Three displacement methods exist, each with different accuracy, performance, and memory usage.
- Bump Only
- Displacement Only
- Displacement and Bump
Displacement is the most accurate and memory intensive displacement method.
Bumps Only and
Displacement and Bump
can be selected manually.
By default displacement is turned off to save memory and improve performance
Displacement related settings are available in the
Displacement sub-panel of
Add displacement button opens settings, from which you can choose spawn type including
displacement application ways, and blender settings.
Displacement is not supported on all the materials
There are two ways to apply displacement to an object -- Shader and Modifier. Check out more about Displacement in the Blender documentation.
The Displace modifier displaces vertices in a mesh based on intensity of a texture and the amountof polygons on the mesh.
Unlike with the shader, it is visible in viewport and applicable.
Displacement can degrade viewport performance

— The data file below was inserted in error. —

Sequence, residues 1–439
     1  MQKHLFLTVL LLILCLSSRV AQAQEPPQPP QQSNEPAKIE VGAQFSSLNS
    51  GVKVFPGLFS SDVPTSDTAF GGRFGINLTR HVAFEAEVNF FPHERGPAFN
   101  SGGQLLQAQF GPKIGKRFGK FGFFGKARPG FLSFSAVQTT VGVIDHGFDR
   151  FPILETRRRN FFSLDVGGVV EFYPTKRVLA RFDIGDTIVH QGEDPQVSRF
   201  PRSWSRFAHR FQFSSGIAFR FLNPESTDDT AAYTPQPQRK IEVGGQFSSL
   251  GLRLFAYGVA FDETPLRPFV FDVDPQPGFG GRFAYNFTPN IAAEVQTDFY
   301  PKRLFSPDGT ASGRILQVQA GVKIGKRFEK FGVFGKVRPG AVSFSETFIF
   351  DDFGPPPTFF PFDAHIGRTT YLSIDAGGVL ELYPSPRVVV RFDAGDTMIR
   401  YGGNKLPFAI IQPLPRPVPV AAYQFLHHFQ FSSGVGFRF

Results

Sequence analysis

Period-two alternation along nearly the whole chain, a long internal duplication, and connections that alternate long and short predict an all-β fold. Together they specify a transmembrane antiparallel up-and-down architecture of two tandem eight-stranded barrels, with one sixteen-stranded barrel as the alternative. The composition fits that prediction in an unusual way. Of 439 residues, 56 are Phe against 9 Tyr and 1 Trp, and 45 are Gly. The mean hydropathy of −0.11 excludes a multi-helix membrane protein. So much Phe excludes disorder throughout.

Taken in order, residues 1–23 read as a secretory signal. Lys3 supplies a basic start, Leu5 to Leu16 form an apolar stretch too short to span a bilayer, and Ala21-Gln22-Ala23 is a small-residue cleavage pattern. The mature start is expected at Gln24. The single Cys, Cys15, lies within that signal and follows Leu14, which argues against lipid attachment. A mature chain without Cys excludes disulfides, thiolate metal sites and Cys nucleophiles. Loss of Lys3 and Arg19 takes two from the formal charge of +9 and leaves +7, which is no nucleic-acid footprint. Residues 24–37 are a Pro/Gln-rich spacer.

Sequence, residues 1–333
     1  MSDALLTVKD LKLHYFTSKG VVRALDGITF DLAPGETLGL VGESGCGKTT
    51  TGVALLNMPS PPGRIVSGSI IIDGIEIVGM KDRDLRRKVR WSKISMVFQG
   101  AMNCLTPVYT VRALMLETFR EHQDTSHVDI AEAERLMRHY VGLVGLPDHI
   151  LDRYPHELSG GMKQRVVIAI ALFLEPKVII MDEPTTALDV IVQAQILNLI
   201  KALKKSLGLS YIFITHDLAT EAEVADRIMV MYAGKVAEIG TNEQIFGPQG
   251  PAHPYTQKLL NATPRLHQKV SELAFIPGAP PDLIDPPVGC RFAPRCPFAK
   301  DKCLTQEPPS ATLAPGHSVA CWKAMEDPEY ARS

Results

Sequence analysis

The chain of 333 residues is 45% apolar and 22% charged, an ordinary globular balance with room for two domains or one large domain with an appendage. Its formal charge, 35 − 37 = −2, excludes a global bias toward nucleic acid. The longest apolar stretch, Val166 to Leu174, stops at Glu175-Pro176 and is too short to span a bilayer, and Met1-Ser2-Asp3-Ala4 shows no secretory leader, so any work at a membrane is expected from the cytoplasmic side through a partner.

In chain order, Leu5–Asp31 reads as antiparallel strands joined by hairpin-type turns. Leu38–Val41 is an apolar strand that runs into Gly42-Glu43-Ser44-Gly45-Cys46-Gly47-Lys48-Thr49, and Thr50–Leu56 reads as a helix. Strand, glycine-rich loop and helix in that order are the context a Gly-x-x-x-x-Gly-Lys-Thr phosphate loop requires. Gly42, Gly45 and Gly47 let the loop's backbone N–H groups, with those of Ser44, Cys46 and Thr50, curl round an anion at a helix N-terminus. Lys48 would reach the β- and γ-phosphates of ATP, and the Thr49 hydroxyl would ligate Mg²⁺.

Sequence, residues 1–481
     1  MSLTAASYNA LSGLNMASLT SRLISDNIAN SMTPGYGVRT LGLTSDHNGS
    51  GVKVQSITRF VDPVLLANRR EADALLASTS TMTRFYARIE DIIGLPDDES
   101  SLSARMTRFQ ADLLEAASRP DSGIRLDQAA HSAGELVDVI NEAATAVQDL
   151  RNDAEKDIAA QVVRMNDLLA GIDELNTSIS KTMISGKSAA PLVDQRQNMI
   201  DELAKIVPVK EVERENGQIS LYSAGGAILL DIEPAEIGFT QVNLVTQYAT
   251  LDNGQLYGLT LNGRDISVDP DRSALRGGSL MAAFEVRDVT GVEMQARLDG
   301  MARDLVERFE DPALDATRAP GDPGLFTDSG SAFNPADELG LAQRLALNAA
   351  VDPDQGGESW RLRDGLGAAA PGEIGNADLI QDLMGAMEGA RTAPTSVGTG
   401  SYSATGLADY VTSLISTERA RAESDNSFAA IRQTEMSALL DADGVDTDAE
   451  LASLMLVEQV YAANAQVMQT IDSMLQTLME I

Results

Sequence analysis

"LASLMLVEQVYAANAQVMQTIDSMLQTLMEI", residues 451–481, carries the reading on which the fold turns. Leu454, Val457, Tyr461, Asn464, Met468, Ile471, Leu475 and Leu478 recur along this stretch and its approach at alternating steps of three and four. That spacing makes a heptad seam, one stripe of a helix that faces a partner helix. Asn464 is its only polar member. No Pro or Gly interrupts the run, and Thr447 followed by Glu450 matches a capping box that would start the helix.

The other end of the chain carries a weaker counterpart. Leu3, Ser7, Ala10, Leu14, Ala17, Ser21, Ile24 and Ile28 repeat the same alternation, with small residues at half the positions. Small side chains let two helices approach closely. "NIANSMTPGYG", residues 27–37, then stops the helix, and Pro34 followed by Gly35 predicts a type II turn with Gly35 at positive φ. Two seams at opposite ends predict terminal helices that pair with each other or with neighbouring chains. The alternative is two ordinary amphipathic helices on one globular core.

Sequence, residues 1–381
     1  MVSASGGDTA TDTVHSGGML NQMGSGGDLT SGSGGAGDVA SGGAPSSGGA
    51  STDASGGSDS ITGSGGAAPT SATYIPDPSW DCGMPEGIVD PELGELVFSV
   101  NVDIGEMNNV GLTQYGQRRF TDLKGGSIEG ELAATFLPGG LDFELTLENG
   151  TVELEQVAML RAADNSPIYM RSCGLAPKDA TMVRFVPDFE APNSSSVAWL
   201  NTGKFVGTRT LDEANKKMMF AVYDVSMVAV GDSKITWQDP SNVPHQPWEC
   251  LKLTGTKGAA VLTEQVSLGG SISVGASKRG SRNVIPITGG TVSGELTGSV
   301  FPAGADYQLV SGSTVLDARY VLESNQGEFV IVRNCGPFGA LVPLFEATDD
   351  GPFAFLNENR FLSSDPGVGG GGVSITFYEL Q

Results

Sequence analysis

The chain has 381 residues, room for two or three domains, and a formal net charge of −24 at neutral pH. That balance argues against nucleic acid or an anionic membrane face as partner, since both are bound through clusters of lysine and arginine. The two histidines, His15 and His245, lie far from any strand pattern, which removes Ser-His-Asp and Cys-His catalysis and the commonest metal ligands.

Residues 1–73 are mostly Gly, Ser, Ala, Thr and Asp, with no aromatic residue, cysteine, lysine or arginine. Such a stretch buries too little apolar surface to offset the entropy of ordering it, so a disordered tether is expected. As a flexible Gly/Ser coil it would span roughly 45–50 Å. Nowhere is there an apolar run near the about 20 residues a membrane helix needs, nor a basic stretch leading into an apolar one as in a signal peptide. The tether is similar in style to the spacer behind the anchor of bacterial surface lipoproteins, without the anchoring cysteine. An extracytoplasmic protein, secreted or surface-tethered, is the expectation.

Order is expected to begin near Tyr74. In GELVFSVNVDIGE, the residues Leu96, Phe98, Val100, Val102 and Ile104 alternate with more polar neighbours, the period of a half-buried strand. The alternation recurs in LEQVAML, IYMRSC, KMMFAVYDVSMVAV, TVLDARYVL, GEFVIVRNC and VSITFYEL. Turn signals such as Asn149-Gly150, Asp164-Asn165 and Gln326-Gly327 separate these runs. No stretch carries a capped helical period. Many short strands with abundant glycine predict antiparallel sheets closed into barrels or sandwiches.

When applying Displacement to materials that use 8K textures your viewport performance may drop. We recommend being careful with using 8K textures and displacement.
The Displacement node displaces vertices in a mesh based on the intensity of a texture and
Multi-user object data are currently converted to single users
This leads to increased memory usage. For those, it is better to use
Multi-view renders can have some inconsistencies between views.
Detects the distance of the object from the camera position. Objects closer to the camera will be
subdivided more than objects far from the camera. This is closely connected to the
This gives you a big optimization advantage.
A multiplier of the scene dicing rate to determine the final size of Micropolygons in pixels.
- 1.00 = 1 polygon per 1 pixel
- 8.00 = 1 polygon per 8 pixels
In the image on the right side, you can see how dicing works
Example of dicing rate. Image from official Blender manual
Object mapping can cause problems with displacement